Content responsibility including blog comments has become a topic in Germany. A court has decided that a blog owner has to check user comments before making them public on his site. The case was one blog that attracted neonazi comments. The owner killed those in the morning (when he got online and saw them) but they had been posted in the middle of the night, so they were visible for a few hours. Since freedom of speech has certain legal limits over here (mainly limited to instigation of violence and extreme cases of racial hatred though), there was formally a violation of law.
As far as I know the case is currently appealed and the final decision (and possible legal remedies) are open.

I can understand the impulse behind the hate speech laws in Germany, but I'm glad I live in a country where they would be unconstitutional. Hartmut's story is one of the reasons why.

Amos: We had the same case about a peadophile site posting pictures of one of our young blond princesses. One of the commenters posted it and they moved it after warnings, but too late.

The final verdict said that the owners of the forum were responsible because due to the 'special character' of the website they should have taken better precautions.

The hate speech is illegal in Germany (and the Netherlands), but the main point in Hartmuts example is that the blog owner was responsible for the comments made. If those comments are illegal (in the US other things would be illegal, but there still are things illegal) can you legally sue the owner of the public forum?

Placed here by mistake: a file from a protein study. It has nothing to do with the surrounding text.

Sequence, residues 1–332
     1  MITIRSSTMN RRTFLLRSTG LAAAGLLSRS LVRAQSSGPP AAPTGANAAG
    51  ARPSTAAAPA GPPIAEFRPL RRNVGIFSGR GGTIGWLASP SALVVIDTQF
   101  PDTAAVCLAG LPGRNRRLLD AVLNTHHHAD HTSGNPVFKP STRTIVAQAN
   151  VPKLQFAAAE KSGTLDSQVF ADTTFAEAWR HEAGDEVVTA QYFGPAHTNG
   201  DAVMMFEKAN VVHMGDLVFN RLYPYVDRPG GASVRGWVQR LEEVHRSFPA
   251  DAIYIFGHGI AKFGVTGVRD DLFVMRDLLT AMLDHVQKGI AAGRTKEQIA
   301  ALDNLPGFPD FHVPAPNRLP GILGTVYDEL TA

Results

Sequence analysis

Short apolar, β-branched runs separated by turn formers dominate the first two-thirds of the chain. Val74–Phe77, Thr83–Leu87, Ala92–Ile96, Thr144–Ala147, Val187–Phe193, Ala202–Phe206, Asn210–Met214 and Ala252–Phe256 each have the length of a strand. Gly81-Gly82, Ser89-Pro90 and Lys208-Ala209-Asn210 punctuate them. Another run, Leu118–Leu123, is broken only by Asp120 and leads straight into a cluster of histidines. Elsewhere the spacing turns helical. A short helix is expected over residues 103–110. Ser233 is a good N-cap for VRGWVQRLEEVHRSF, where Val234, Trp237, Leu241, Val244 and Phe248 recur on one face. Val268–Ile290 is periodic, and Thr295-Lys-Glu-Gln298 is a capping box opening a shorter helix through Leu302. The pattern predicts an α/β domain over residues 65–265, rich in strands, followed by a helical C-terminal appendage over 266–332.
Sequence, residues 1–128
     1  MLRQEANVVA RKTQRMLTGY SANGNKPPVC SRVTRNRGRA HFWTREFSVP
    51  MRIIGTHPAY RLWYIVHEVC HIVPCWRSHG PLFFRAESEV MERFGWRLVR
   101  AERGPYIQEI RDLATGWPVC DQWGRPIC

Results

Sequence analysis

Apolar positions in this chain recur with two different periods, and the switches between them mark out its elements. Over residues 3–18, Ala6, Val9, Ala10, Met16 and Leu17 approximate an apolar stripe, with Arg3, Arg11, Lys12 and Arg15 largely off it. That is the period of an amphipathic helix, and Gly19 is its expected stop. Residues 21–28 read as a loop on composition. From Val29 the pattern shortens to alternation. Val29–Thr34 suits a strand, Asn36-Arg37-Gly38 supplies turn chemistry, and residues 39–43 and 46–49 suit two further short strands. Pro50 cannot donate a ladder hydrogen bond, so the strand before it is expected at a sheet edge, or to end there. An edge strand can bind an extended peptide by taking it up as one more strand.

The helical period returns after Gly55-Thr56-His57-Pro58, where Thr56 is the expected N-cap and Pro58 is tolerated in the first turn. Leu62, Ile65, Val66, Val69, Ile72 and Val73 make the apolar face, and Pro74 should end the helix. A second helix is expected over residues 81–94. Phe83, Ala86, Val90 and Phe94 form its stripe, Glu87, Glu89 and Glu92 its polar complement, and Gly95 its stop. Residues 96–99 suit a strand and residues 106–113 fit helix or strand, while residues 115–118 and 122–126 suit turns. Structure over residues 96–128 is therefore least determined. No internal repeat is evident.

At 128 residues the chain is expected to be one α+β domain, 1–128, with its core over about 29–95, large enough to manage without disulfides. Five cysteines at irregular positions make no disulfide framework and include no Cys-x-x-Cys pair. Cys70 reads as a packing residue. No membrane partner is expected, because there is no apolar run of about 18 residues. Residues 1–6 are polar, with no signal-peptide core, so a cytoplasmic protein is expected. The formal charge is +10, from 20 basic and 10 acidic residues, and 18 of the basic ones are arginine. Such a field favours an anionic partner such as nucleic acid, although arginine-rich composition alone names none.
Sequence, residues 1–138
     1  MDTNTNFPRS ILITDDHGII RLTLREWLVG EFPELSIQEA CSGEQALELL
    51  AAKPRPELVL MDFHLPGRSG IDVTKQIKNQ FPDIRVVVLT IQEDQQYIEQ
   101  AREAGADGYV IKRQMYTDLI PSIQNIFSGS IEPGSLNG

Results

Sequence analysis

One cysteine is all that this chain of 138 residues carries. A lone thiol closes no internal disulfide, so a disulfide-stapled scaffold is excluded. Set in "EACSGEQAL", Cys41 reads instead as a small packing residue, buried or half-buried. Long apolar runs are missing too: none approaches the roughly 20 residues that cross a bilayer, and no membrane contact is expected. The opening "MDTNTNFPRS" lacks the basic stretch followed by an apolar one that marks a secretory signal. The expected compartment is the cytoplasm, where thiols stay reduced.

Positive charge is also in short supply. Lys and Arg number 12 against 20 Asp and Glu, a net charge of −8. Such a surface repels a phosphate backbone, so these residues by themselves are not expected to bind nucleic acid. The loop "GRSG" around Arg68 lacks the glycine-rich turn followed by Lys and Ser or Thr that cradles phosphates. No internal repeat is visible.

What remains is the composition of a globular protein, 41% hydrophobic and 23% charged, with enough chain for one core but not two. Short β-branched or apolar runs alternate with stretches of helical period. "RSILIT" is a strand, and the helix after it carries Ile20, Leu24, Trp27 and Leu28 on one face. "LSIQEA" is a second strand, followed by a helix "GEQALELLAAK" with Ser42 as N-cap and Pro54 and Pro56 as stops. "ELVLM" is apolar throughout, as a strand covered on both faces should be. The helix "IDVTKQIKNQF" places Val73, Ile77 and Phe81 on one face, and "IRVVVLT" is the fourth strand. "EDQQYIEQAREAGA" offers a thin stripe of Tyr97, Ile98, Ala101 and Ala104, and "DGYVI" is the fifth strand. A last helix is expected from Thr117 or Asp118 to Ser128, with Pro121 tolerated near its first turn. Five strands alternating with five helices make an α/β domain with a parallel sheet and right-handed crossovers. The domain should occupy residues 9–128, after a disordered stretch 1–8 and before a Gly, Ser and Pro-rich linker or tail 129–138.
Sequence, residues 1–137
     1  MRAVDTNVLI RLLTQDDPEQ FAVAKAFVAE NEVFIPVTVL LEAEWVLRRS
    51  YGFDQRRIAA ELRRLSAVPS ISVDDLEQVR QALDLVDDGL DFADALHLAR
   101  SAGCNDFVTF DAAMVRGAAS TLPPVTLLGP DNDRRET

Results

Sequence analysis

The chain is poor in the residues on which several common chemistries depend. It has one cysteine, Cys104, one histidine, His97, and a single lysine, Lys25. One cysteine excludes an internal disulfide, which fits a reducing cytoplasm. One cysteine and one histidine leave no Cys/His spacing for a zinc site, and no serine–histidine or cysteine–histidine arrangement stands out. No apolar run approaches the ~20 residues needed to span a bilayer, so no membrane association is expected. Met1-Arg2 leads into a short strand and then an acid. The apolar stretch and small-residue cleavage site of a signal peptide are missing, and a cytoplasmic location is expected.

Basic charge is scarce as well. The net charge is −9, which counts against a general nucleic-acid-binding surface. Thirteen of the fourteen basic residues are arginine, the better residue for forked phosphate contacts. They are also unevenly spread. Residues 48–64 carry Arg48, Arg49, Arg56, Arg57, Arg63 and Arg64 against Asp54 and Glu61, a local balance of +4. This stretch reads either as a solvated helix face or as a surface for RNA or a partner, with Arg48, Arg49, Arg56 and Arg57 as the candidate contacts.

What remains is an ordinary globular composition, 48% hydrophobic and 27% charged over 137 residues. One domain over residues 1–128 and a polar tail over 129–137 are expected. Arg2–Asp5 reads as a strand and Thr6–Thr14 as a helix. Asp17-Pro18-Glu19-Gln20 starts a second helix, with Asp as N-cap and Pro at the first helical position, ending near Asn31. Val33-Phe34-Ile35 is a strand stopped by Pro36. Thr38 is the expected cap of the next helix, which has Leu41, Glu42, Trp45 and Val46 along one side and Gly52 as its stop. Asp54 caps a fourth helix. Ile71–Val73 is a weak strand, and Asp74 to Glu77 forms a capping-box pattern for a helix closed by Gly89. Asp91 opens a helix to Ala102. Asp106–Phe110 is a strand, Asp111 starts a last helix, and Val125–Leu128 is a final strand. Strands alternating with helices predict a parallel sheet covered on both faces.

How, pray tell, are you going to sniff out peer-to-peer? No IP (address, not intellectual property) in the wild wacky world of the net has a server sticker on it or a client sticker. You can block ports, but people will just switch ports.

OCSteve is right. It's a pipe dream (or a pretext). Why aren't more people in the tech world calling them out on their BS?

"If those comments are illegal (in the US other things would be illegal, but there still are things illegal) can you legally sue the owner of the public forum?"

No, you can't (with some caveats). You actually are more likely to get in trouble if you police it and something slips through than if you don't police it at all.

Hmmm, maybe we need a statement around here saying something about how we aren't able to frequently monitor for content, but will be happy to remove certain things when brought to our attention.

How, pray tell, are you going to sniff out peer-to-peer? No IP (address, not intellectual property) in the wild wacky world of the net has a server sticker on it or a client sticker. You can block ports, but people will just switch ports.

Explaining it is rather long and drawn-out, but the short version is "You can analyze network traffic flows and determine P2P connections with a high-degree of certainty."